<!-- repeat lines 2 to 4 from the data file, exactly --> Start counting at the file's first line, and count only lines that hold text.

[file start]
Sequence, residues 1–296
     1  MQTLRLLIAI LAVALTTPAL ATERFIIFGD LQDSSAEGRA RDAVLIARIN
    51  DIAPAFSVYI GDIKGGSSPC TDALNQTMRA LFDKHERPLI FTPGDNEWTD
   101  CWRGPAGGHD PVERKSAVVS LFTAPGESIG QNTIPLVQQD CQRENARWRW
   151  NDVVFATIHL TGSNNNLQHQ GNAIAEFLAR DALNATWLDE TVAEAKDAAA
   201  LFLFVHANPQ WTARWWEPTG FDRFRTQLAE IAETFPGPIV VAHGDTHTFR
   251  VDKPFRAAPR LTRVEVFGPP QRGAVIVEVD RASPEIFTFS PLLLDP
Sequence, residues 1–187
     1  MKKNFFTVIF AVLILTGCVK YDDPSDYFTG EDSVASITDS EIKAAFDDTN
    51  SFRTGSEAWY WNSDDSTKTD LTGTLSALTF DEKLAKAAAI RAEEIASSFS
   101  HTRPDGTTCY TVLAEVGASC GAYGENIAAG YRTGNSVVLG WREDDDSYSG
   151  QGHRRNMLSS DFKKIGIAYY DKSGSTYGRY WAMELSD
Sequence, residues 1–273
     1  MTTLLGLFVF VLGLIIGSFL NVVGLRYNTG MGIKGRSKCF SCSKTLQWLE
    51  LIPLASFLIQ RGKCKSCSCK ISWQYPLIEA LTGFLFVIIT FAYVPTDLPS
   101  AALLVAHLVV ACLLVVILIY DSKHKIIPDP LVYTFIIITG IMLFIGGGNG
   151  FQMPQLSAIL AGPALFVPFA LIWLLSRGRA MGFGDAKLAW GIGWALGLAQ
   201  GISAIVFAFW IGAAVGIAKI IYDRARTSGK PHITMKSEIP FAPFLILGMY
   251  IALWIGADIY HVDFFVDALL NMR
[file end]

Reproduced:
     1  MQTLRLLIAI LAVALTTPAL ATERFIIFGD LQDSSAEGRA RDAVLIARIN
    51  DIAPAFSVYI GDIKGGSSPC TDALNQTMRA LFDKHERPLI FTPGDNEWTD
   101  CWRGPAGGHD PVERKSAVVS LFTAPGESIG QNTIPLVQQD CQRENARWRW